I then choose nearby hexes for my remaining three units that increase my odds of safe landings and choose hex 314, 316 and 336, allowing me to roll 4, 6 and 6 dice respectively! The results are a mixed bag though as the highest number from each roll is as follows 3, 5 and 6. As you already know, one unit lands safely with the 6 in hex 316, but the unit trying to land in hex 314 rolled only a 3 while the unit landing in 336 rolled a 5. So we have to consult the Landing Procedure Table to see what happens to each of these units.
The bad result first, the 3. This roll equates to a Malfunction and now requires that I roll three dice to determine a random hex. I roll the three dice in order obtaining a 3, 4 and 5, which equates to hex 345, which contains a building, Yikes! This means that I landed in a hex that contains a building (the IMC Corporate Offices) and I will then have to place my unit in the lowest adjacent hex (hex 346) and cause a disruption to the unit, which means it is flipped over as it is reduced. This is a botched landing and this unit not only is damaged, but cannot move or fire this turn.
The other unit that rolled a 5 was more fortunate and is only Scattered. This means that this unit will need to be placed in the lowest adjacent hex, which is 321 but doesn’t suffer a reduction. It cannot, however, move or attack this turn, which is also bad. This landing was not well executed and only 2 of my 4 Marine units will be able to bring fire against the Colossi in hex 435. Not a great start…but you will need to get used to this, as I found that this is tough going and you will not have it easy.
We didn’t even have negative effects on this landing attempt, as there were no Hurricane Winds, which would have enforced -2 dice for the roll, or Anti-Gravity Wave that would have reduced the dice rolled by -1. This business of being a Space Marine is not easy!
I know that you have been waiting so I will now share the best part about the game with you, the Marine Actions, which include attacks. The Marines have a wide variety of weapons and tactics available to them. They have their Plasma Rifles, that are accurate and dependable, the vaunted Boring Bit, which is hard to use effectively but when it hits is devastating to the Colossi, and the mighty Orbital Strike, which was my favorite attack to use.
First up, the Plasma Rifle attacks.
If you look at the Marine counters, you will notice only 3 numbers. The number in the bottom left is their Combat Factor (CF), the number in the bottom right is their Defense Number (DN) and the number in the upper right is their Movement Allowance. Range is not factored into this game as the Marine’s Plasma Rifles have unlimited range as long as the unit using the Rifle can trace a Line of Sight to their target. For this example, we will use the picture above.
During the Marine Actions phase, they can do either Full Move, Full Fire, Shoot and Scoot or a Special Action, which includes, actions that only special units can perform, such as Recon (Scout units) or Orbital Strikes (HQ units). Full Move is simple as they can move their full movement allowance in any direction. This movement is effected by terrain. So if the unit decides to move through the rubble piles shown in hex 522, it will cost 2 MP. Buildings and Railroad only costs 1 MP. Marines are unable to enter Hills terrain.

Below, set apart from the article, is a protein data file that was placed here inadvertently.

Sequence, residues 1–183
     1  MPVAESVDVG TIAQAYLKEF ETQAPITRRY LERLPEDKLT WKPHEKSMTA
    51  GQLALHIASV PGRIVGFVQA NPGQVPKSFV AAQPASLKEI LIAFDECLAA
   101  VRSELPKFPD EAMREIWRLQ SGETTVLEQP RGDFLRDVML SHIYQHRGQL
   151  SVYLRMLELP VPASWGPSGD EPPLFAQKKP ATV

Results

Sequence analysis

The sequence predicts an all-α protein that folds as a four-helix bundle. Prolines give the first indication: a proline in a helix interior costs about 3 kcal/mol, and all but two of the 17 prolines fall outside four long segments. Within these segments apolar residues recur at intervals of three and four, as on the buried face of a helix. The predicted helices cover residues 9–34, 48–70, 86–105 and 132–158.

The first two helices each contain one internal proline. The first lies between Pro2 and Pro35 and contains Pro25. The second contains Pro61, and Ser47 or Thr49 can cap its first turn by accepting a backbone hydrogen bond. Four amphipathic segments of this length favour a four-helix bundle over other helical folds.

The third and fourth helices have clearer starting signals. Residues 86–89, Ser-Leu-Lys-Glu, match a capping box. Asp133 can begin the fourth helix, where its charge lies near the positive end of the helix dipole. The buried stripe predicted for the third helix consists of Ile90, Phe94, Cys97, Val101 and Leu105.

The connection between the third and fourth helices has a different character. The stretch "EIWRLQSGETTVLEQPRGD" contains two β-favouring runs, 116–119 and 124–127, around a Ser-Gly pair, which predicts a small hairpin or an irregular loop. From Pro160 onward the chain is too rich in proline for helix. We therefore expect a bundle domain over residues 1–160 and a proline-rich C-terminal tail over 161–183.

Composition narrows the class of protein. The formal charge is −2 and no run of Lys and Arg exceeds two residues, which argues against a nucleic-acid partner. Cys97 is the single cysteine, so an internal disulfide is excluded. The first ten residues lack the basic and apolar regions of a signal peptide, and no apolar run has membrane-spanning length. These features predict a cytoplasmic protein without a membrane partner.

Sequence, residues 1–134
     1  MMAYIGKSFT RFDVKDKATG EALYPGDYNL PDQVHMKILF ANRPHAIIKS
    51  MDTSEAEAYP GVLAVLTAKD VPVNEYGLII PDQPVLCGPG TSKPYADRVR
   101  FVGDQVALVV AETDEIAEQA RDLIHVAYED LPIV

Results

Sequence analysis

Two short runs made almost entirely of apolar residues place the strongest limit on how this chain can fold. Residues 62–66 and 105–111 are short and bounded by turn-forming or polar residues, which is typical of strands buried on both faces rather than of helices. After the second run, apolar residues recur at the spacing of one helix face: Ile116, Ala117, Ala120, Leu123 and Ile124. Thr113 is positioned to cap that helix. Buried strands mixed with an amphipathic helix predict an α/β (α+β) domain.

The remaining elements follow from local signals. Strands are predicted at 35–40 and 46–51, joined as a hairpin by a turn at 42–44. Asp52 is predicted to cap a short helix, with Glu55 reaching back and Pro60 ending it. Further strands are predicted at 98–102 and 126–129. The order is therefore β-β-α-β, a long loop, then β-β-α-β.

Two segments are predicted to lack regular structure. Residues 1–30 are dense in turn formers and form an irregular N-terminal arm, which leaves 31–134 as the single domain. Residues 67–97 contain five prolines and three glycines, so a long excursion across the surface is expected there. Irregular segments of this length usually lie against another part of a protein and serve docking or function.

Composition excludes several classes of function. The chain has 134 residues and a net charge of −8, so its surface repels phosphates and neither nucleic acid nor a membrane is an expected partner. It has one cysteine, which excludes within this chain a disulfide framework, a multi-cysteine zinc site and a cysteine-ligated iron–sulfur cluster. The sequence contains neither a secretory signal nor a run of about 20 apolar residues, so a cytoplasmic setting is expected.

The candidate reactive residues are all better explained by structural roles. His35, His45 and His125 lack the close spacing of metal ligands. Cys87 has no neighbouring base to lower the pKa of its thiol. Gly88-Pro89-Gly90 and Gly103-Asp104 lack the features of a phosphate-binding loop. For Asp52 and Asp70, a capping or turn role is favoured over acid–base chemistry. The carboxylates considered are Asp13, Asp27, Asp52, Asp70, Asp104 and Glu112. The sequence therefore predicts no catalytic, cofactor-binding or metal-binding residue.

Full Fire is pretty simple. A Full Fire action allows the Marine unit to conduct Standard Marine Combat. Combat starts with the unit designating their target, which must be in view of the unit which means they must be able to draw a Line of Sight to the target with no blocking terrain in any intervening hexes. In the picture above, all Marine units have a Line of Sight to the Brownstone Colossi Tribe located in hex 435. The Marine unit gets to roll the number of dice as designated by their Combat Factor. In this case, 4 dice will be rolled. If the Marine is firing on the same turn as a Landing, they will reduce this number of dice by 1, or will only roll 3 dice. If the Marine attacks an adjacent target, they will add +1 dice to their roll. Not a good idea but it is a benefit! The Marine then rolls their dice, and any number that exceeds the Colossi Defense Number (DN) is considered a hit. For example, my Marine unit located in hex 426 gets to roll 4 dice with a Full Attack and needs to roll 4+ to score hits. In this example, they roll the following on the 4 dice: 1, 2, 4 and 5. This will be 2 hits, which is not enough to reduce the Colossi unit but will allow for the placement of the Chipped Marker, which will reduce the Colossi units DN by -1 for the immediate attacks that follow. This is like the Plasma has weakened the exterior of the Colossi’s rocky skin allowing for future immediate attacks to hit a little more effectively.